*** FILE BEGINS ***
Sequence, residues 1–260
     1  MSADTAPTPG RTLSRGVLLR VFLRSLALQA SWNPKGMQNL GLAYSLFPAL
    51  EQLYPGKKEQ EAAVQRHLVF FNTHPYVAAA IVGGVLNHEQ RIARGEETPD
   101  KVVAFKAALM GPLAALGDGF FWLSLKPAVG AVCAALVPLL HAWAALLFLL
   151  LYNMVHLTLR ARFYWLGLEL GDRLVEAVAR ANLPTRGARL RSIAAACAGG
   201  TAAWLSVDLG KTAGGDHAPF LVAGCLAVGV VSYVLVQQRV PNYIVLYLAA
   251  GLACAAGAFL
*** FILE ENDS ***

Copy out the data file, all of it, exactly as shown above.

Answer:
Sequence, residues 1–260
     1  MSADTAPTPG RTLSRGVLLR VFLRSLALQA SWNPKGMQNL GLAYSLFPAL
    51  EQLYPGKKEQ EAAVQRHLVF FNTHPYVAAA IVGGVLNHEQ RIARGEETPD
   101  KVVAFKAALM GPLAALGDGF FWLSLKPAVG AVCAALVPLL HAWAALLFLL
   151  LYNMVHLTLR ARFYWLGLEL GDRLVEAVAR ANLPTRGARL RSIAAACAGG
   201  TAAWLSVDLG KTAGGDHAPF LVAGCLAVGV VSYVLVQQRV PNYIVLYLAA
   251  GLACAAGAFL